Climate Impact Report – 06/27
A monsoon has brought heavy storms to the Arizona High Country while another storm hit the Valley in the afternoon. Downtown Flagstaff and an underpass on Route 66 were flooded.
Multiple western U.S. cities cancel fireworks display for the Fourth of July due to fire concerns amid dry weather.
Hotter-than-normal temperatures are predicted through the summer.
Key Facts Of The Day 6/27
- A monsoon has brought heavy storms to the Arizona High Country while another storm hit the Valley in the afternoon.
- Downtown Flagstaff and an underpass on Route 66 were flooded.
- The heavy rain liquified mud and ash in the areas near the burn scars of recent wildfires.
- On Sunday, heavy rains fell over Roswell, New Mexico, leaving one bridge collapsed and at least a dozen homes underwater as flood water rose.
- Roswell city officials are calling the event a 100-year flood after 3.3 inches of rainfall fell in only one hour’s time.
- Last Friday, some national forests in Arizona and New Mexico are relaxing fire restrictions and reopening, thanks to a strong start to the annual rainy season in the southwestern U.S.
- As of Friday, there are currently 17 large active wildfires that have burned 766,333 across AK, AZ, CA, FL, GA, NJ, NM, NC, SD, TX, and UT. As of Friday, 32,247 wildfires have burned 3,360,037 acres across the country.
- In Alaska, 30 fires have burned 925,548 acres as of Thursday.
- In Arizona, 6 fires have burned 66,167 acres as of Friday.
- In California, 1 fire has burned 2,466 acres as of Friday.
- In Florida, 1 fire has burned 415 acres as of Friday.
- In Georgia, 1 fire has burned 2,000 acres as of Friday.
- In New Jersey, 1 fire has burned 13,500 acres as of Friday.
- In New Mexico, 3 fires have burned 671,764 acres as of Friday.
- In North Carolina, 1 fire has burned 1,088 acres as of Friday.
- In South Dakota, 1 fire has burned 3,810 acres as of Friday.
- In Texas, 1 fire has burned 500 acres as of Friday.
- In Utah, 1 fire has burned 4,623 acres as of Friday.
- Multiple western U.S. cities cancel fireworks displays for the Fourth of July due to fire concerns amid dry weather.
- Flagstaff in northern Arizona will carry out its annual Independence Day parade through the city’s historic downtown, but a new laser light show will replace the standard pyrotechnic display because of concerns about sparking wildfires.
- In Lompoc, on California’s central coast, the annual Fourth of July fireworks show won’t be held because of concerns about potential fire hazards.
- A popular northern San Joaquin Valley fireworks show that in pre-pandemic times brought tens of thousands of people to Lake Don Pedro, California, was canceled because of drought concerns, including the lake’s projected low level.
- The fire danger also prompted Lakewood and Castle Rock in Colorado to cancel their pyrotechnic displays
- Last Monday, the temperature hit a record-breaking 101 degrees in Minnesota and metro area highways and freeways crumbled under the heat.
- Hotter-than-normal temperatures are predicted through the summer.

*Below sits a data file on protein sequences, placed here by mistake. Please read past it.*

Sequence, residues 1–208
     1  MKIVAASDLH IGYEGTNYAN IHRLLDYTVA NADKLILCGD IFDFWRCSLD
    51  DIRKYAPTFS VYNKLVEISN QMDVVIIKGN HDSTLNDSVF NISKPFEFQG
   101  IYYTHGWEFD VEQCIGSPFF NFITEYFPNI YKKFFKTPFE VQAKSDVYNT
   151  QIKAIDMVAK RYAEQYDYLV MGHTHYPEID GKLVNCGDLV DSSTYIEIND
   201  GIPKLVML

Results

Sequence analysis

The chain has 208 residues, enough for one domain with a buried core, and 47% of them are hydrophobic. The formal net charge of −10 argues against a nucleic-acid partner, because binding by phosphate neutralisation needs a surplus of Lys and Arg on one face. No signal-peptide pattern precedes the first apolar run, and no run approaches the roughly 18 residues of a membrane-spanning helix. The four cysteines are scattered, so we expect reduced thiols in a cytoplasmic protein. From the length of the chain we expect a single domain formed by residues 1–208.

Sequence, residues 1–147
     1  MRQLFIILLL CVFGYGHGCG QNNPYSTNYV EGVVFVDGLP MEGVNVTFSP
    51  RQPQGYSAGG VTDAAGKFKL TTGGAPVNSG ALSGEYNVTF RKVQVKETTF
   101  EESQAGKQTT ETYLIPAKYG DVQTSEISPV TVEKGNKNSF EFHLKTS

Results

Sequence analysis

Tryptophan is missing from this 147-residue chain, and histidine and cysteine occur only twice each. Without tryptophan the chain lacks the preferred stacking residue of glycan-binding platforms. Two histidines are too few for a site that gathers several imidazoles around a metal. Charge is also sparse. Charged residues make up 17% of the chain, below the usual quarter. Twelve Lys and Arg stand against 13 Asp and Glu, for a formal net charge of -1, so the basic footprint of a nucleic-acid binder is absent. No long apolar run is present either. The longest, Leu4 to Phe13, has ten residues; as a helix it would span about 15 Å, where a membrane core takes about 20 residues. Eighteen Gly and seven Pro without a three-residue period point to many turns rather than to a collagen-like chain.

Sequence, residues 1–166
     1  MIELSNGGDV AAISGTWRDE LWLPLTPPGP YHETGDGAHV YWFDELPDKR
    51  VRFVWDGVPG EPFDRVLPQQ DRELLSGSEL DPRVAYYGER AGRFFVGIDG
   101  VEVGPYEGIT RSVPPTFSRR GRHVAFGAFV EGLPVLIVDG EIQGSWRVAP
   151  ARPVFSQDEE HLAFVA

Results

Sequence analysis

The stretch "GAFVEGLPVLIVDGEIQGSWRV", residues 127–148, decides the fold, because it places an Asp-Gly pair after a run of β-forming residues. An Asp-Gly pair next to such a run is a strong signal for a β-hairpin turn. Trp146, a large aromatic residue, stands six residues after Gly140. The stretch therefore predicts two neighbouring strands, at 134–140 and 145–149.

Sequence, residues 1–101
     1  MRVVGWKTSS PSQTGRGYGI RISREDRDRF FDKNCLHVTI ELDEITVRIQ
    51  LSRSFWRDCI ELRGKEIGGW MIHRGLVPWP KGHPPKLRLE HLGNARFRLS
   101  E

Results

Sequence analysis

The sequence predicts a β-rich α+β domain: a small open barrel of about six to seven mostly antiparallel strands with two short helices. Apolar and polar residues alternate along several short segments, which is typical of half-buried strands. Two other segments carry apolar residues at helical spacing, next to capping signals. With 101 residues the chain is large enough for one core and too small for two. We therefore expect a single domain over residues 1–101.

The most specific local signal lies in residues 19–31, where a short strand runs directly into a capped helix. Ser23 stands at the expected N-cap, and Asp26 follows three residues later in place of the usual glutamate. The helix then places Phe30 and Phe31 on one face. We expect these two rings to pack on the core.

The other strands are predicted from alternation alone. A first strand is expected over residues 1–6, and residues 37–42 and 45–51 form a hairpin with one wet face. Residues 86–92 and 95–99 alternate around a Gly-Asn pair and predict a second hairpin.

- The final days of June and first days of July will likely bring above-average temperatures along the Gulf Coast, with building heat in the West.
- There will also likely be above-average temperatures across much of the South and along the East Coast.
- The next heat wave is forecast to also hit the Pacific Northwest, a region that experienced triple-digit temperatures twice in 2021 — something that would have been unheard of two decades ago.
- The Midwest, which saw some of the highest temperatures during the most recent heat waves, will be one of the few regions to experience relief from the heat in the coming days.
- Vulnerable populations, including impoverished and marginalized communities and those with pre-existing health conditions such as asthma and heart disease, are most at risk when temperatures begin to rise.
- As of Sunday, a heat advisory was issued for inland areas of Southern California.
- Highs will reach 95-105 degrees in the San Fernando, San Gabriel, and Antelope valleys as well as inland Orange County and part of the Inland Empire.
- Downtown Los Angeles will see highs in the low 90s on Monday, or about 10 degrees above normal.
- Further inland, the highs will be closer to 15 degrees above normal.
- The hot, dry weather will bring elevated fire conditions.
- Hot temperatures and a lack of rainfall are spreading drought conditions across many parts of North Carolina, and farmers in the state are feeling the impact.
- In Union County, the dry conditions have damaged cornfields, turning them brown and withered, and extreme heat also has taken a toll on the cornstalks.
- Temperatures in Union County have exceeded 90 degrees on 10 days in June, with a peak of 98 degrees on June 23.
- The low rainfall also was making it difficult to plant soybeans.
- Climate Central released the Climate Shift Index tool, which gives a number to indicate the influence of climate change on daily high and low temperatures.
- The CSI tool indicates how frequently certain temperatures now occur in a warming world.
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